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How to run when you do not feel like it

Posted Aug 23 2011 10:24am

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Yesterday was a tough workout. It was not a hard run (only 2 miles) but it was a run that was coming after a day in which I ran 15+ miles. I was tired and this really zapped my motivation. But as a streak runner, you can’t ever let feeling bad stop you from doing your workout. I’ve previously listed some of my tricks for boosting motivation . However, I’m always looking for more tips.

My sister sent me this interesting article about the 4 stages of motivation . It’s certainly worth a read.

Basically, it talks about the four stages of motivation. They have certainly been applicable to my joggling career.

I started running in 1992 as a way to get in shape, stay healthy, and increase the chances of me living until 107. Running was a perfect choice because all you needed were shoes and some workout clothes and you could do it anywhere. (I added the juggling later). My emotional motivation was to live longer and healthier. Quite frankly, at that point in my life the prospect of death was really depressing.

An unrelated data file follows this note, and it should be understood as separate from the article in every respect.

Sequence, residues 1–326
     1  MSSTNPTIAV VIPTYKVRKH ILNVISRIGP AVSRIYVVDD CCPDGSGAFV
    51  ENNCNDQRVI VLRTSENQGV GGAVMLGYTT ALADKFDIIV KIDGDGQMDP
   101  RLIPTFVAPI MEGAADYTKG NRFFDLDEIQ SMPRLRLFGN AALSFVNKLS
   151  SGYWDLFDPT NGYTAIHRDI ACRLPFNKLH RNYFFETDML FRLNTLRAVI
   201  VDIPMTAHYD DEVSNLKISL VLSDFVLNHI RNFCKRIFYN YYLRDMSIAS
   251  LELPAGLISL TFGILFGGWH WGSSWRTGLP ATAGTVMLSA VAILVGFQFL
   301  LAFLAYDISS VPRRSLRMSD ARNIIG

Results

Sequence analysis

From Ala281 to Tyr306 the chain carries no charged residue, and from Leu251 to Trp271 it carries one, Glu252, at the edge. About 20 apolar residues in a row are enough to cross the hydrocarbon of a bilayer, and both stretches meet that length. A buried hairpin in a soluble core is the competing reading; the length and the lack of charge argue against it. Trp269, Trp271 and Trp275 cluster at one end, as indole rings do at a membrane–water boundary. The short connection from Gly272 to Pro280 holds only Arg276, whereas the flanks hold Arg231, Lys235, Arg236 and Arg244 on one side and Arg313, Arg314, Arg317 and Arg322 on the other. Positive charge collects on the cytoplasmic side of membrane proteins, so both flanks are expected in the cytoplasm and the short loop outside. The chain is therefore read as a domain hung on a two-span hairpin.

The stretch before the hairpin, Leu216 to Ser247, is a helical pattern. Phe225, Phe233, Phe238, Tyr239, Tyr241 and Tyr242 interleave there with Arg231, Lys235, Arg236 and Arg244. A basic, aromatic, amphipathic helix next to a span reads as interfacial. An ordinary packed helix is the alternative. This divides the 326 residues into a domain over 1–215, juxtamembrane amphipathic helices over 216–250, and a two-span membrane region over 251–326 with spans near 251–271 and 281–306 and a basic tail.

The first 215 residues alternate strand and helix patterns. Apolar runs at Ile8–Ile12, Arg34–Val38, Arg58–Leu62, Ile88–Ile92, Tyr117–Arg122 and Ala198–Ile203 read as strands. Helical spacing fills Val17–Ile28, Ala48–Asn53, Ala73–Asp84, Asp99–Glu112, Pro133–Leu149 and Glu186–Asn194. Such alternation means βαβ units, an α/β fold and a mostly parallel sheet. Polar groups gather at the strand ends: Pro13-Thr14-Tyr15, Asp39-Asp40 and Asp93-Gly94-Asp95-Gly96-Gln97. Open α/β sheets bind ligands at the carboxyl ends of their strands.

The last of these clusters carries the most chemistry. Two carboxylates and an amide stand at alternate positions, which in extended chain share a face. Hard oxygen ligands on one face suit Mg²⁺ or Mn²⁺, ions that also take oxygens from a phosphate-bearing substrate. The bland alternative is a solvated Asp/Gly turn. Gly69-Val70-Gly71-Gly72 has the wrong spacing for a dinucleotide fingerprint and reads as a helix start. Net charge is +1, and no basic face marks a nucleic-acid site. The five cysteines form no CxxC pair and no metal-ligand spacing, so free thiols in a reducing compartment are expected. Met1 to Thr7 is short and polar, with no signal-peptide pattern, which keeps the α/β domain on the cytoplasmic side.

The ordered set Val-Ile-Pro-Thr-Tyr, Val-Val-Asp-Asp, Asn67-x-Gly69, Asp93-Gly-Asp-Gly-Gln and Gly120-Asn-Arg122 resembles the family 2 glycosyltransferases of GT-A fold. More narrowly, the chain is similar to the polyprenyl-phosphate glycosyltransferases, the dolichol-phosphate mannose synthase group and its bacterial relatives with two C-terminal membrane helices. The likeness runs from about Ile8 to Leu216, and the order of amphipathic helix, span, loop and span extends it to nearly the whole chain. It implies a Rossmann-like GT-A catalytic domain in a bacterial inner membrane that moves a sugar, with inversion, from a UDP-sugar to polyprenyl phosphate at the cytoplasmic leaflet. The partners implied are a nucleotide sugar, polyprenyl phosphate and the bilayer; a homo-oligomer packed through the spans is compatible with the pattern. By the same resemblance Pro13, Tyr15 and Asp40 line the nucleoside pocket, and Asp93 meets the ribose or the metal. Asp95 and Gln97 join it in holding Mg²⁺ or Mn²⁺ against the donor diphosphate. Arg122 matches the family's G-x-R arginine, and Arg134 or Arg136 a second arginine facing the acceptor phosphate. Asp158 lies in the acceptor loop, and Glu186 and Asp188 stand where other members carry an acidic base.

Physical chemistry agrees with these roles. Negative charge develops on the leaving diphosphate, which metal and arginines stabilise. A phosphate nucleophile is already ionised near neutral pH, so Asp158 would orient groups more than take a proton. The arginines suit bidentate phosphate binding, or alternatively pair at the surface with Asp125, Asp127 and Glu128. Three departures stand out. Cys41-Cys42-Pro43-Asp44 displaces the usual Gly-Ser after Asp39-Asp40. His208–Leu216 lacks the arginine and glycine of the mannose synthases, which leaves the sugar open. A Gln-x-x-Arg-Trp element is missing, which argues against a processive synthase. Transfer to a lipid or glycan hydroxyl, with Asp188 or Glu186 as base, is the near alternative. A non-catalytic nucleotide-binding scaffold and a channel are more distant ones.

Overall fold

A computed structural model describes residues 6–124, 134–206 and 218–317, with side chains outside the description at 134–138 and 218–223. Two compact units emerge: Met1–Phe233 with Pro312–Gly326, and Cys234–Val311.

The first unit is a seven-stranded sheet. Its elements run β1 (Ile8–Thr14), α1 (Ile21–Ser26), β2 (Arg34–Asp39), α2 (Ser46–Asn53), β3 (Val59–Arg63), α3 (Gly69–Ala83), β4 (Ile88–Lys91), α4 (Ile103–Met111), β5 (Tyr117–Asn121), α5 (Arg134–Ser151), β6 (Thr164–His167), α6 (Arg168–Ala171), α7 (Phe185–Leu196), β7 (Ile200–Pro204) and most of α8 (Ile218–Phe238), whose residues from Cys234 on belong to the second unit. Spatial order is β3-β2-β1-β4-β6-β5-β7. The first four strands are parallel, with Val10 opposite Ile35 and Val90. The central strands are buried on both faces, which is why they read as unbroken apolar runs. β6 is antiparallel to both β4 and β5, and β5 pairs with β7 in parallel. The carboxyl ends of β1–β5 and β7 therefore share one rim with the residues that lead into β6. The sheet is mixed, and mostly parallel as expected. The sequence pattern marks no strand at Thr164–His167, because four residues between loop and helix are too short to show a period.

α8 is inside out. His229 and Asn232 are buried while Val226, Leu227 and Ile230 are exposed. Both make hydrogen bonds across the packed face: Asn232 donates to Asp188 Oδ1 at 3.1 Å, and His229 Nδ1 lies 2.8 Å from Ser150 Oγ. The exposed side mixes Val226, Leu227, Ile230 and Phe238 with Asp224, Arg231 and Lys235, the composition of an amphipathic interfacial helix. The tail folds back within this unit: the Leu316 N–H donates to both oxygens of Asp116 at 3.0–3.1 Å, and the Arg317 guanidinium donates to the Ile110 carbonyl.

According to the article we are motivated to do everything we do. Watching tv, playing video games, eating junk food, juggling, and running are all things we are motivated to do whether we are conscious of it or not. Joggling has become ingrained in my brain so my internal motivation helps get me out the door. Sure, I still watch too much TV and goof off too much but I’ve found that internal motivation to accomplish my joggling goals. You’ve got to find your own internal motivators.

This suggests that you can build your motivation by creating a more deeply emotional connection to it. The running streak has helped me connect emotionally as “the streak” has almost become a real character in my life. I think about it almost as an entity that has to be considered. My spreadsheet recording all my runs has also generated some emotional attachment. It would be devastating to lose the information and it also hurts a little when I haven’t updated it for a while. Writing JYAJ has also boosted my emotional connection to my exercise activities.

Once you get to the point where you can easily motivate yourself, it inspires you to motivate other people. This has been true of me and one of the reasons that I blog about joggling is to encourage other people to start exercising. I want to contribute my part to making society a little healthier.

What phase are you at in the motivation process? Leave your comment below.

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